Sheffield tree campaigners set up park camp as controversy grows

Protestors make a camp in Endcliffe Park to protest against the council felling trees on the streets of Sheffield'Picture Dean Atkins
Protestors make a camp in Endcliffe Park to protest against the council felling trees on the streets of Sheffield'Picture Dean Atkins
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Campaigners fighting felling in Sheffield have set up a camp near to 11 trees which have become the ‘symbol’ of the city-wide controversy.

A tent for the drive is now pitched in Endcliffe Park, as 11 trees which run alongside it on Rustlings Road are scheduled to be felled and campaigners feared work to do so could start imminently.

The original drive to save those 11 trees led to a 13,000-strong petition, which triggered a debate in Sheffield Town Hall and was the spark behind calls for a formal city-wide tree strategy to be developed by Sheffield Council.

Save Our Roadside Trees (SORT) campaigner Calvin Payne, who was sleeping over in the tent last night, said all supplies had been donated and passers-by were supportive.

He added: “This road is symbolic, although the campaign is city wide, and we do want a win here to inspire people across the city.”

Aims of the camp were to enable campaigners to take peaceful action quickly if felling did begin and also to raise more awareness as protests spread across the city.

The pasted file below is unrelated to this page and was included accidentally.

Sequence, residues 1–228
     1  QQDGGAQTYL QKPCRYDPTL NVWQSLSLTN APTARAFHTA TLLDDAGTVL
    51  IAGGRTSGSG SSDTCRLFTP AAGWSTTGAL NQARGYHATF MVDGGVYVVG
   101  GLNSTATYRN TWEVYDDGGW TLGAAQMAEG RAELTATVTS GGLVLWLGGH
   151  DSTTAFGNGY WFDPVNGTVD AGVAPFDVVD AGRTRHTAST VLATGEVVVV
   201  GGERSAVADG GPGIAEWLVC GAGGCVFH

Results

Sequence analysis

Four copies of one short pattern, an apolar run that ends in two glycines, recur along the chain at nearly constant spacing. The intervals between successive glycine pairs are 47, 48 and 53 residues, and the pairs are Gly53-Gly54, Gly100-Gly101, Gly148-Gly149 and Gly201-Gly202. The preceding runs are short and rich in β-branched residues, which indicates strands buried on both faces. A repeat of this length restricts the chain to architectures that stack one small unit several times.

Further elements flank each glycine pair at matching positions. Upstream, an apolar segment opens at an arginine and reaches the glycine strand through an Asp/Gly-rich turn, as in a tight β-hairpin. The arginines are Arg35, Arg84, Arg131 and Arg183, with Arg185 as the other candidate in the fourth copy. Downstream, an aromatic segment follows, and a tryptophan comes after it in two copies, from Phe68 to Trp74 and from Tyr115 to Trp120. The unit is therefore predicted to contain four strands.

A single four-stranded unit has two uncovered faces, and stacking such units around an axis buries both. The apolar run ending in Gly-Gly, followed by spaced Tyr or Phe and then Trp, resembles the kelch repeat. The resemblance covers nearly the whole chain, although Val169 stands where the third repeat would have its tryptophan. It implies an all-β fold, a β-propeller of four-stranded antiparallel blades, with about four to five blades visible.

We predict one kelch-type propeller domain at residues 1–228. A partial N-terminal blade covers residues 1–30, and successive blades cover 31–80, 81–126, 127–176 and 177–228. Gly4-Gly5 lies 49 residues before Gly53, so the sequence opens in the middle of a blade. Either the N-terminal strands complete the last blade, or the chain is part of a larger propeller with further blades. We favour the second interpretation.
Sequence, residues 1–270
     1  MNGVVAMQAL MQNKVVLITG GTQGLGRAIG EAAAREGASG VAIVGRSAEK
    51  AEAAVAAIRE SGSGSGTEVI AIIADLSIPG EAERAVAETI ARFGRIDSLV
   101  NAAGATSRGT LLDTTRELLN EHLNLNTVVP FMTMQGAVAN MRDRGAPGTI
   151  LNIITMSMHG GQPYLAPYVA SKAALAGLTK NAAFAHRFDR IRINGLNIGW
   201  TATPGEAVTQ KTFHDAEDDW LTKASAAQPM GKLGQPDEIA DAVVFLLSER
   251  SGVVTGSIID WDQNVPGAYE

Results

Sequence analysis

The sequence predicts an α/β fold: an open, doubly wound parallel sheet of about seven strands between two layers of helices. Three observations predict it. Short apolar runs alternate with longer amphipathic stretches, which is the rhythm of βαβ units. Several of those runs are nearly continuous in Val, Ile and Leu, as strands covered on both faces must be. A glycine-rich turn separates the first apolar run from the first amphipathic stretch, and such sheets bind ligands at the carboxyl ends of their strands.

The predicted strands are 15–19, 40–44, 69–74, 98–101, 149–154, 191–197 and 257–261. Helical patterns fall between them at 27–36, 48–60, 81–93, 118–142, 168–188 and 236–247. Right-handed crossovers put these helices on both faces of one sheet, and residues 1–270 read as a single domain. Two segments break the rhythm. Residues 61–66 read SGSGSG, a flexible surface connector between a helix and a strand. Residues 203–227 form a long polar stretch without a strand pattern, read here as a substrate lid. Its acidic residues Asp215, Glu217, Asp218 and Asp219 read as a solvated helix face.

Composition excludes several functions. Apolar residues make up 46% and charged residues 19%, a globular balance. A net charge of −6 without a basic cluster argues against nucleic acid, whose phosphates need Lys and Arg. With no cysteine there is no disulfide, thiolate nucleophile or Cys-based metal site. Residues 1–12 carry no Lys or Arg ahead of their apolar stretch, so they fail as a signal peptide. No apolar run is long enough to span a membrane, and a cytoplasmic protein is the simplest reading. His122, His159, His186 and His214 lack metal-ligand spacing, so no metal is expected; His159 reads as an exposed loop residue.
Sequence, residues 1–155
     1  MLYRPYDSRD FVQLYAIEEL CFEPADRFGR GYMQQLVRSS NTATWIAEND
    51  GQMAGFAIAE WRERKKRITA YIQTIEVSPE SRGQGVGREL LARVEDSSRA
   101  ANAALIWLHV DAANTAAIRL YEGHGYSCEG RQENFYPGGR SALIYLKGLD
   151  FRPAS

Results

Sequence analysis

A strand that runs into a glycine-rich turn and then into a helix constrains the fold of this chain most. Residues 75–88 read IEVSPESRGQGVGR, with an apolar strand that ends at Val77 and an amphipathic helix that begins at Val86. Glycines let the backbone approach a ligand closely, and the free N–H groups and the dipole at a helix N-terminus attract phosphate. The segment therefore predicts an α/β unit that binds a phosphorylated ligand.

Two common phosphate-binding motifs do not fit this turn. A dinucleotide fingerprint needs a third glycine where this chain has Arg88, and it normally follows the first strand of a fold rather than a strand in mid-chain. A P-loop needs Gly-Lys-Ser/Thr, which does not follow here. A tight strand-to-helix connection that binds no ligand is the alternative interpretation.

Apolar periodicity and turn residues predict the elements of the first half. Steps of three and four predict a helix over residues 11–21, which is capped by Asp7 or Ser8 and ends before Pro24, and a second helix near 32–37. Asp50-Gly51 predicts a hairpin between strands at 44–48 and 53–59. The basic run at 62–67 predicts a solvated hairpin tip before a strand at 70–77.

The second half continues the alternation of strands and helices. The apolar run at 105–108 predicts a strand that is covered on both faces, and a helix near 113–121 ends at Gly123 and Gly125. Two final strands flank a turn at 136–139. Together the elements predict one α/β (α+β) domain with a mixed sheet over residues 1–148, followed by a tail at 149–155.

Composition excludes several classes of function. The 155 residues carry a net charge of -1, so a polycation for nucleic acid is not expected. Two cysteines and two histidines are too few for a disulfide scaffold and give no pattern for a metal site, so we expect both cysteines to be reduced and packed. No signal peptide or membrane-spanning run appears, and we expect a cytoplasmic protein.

Campaigners want a sustainable approach to tree management, more analysis and valuations of the benefit of trees, and for the strategy to be developed as a priority.

Sheffield Council and its contractor Amey, which carries out felling as part of the Streets Ahead project, says the Rustlings Road trees need to be felled because one is diseased and they are damaging the road or pavement.

On Monday a spokesman said those trees were ‘unlikely’ to come down this week but it could not be ruled out.

However last night, after the tent was installed, a spokesman for Streets Ahead said: “We can reassure residents and campaigners on Rustlings Road the trees will not be replaced this week, and that there is no date set.”

Amey, and the council, insists the contractor is not paid per tree removed and claims it is ‘more expensive to remove a mature tree and replace it with a new one, than to look after mature trees.’ However it has refused to provide a breakdown of the two costs when asked by The Star.

In Birmingham, it has been reported Amey was charging the city’s council £2,000 for each sapling planted on roadsides. Amey says this cost was for work outside the Birmingham contract andcovered thlifespan of the tree. A council spokesman said: “We are unable to comment on the costs for another council’s contract but can confirm we do pay a single payment each month for all the services included in the Streets Ahead contract.”

David Dilner, of Sheffield Tree Action Group, said that was the ‘same old lie’ and would add to campaigners’ frustration.